Adding Your DNA To A Biobank Is A Noble Move -- But Is It A Wise One?

from the no-good-deed-goes-unpunished dept

One new approach to teasing apart the complex relationships between genes and common diseases such as cancer, heart disease, asthma and diabetes is by creating huge biobanks of medical data and samples. The idea is that by tracking the health and habits of very large populations across many years, and then examining their DNA, it will be possible to spot factors in common. Here's a major biobank that is shortly opening up its holdings for research:

UK Biobank recruited 500,000 people aged between 40-69 years in 2006-2010 from across the country to take part in this project. They have undergone measures, provided blood, urine and saliva samples for future analysis, detailed information about themselves and agreed to have their health followed. Over many years this will build into a powerful resource to help scientists discover why some people develop particular diseases and others do not.
Anything that brings us closer to understanding and treating diseases that affect hundreds of millions of people is obviously to be welcomed. But DNA is special: for a start, it is unique for each of us (even "identical" twins seem to have different DNA.) This has made DNA of particular interest to the police, since it appears to offer a perfect way for identifying those at a crime scene (not necessarily the perpetrators, of course.) Which raises the question: what happens when the police realize that biobanks offer a great way to get DNA they can't obtain in the usual ways?

The UK Biobank addresses this issue in its FAQ:

Will access be allowed for purposes other than health-related research?

The UK Biobank Resource has been established for health-related research that is in the public interest. Any attempts to use it for other purposes will be resisted. So, for example, insurance companies and employers will not be allowed to access the Resource to look at information, samples or test results for any identifiable participants. Nor will UK Biobank allow access by the police, security services or other law enforcement agencies, unless it is forced to do so by the courts.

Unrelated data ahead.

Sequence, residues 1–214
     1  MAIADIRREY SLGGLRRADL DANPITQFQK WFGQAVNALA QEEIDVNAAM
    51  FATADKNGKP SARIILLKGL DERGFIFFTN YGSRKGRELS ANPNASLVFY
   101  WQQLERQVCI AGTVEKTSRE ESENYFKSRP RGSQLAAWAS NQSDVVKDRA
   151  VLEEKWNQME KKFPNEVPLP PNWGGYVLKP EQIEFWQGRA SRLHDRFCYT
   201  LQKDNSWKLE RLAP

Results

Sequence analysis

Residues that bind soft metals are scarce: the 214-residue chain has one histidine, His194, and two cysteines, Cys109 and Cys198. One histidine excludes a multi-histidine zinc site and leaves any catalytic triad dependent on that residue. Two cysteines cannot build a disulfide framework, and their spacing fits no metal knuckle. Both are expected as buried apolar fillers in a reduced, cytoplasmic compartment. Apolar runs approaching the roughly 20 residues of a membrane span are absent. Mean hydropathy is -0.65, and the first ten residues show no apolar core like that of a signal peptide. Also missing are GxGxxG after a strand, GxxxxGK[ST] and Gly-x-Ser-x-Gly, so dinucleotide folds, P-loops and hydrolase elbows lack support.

Clearly the UK Biobank wants to do the right thing here, but that last phrase "unless it is forced to do so by the courts" means that the police will probably get what they want once they start invoking "terrorism" or asking us to think of the children.

And once they have a sample, they might well decide to sequence its DNA to help identify the likely hair, eye and skin color of the person concerned – and perhaps much else besides, as gene analysis techniques advance, including highly-sensitive areas such as mental and reproductive health.

Investing your DNA in a biobank might seem like a noble act today, but who knows what the payback will be in years to come?

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Filed Under: biobank, dna, privacy


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  1. identicon
    darryl, 24 Jan 2012 @ 5:57am

    Re: DNA RNA

    you 'trust' your Government to hold highly detailed records of your financial activities, your travel activities, your living arraingements, the things you own, the licenses you hold.. your internet activity, your phone calls, your text messages.

    as well as detailed records of any crimes or 'incidents' you have had with authorities.

    They even record your car plates as you pass certain parts of the road, or when you drive past a police car, making a record of where and when you were at a specific location.

    And guess what, WHO cares ? again you dont care if you have not done anything wrong that would attract the attention of law enforcement, would you ?

    I guess if every criminal in the US just left behind a copy of their social security number there would be little problems..

    or if every human looked exactly the same !!! but they dont, there are many unique differentiators among people, (sex, age, look, height, weight, location and so on).

    God only help us if Governments, Police and Businesses know your genetic profile.
    Why, what is the reason or logic that supports your statement ?

    What is God going to do ? and which God do you refer too ?

    Allah ? Budda ? Masnick ? Ra ?

    Your God will not help you if you have committed a crime, and for that reason you do not want the police to have an easier time in finding you !!!

    When you go into a bank to withdraw some of your money do you worry that the security guard is going to rob you ? after all he has a gun !!! and you have money !!

    Or do you believe that it is because of God that he does not rob you, but somehow you are less safe from crime if you make the job of fighting crime easier !!!

    Would you not do whatever it is necessary to do to stop a serial killer from evading capture, or would you rather let him/her get away with it by not helping the police ???

    No wonder your country is going to shit, sorry gone to shit !!
    Have not seen much of your "God" helping you either..

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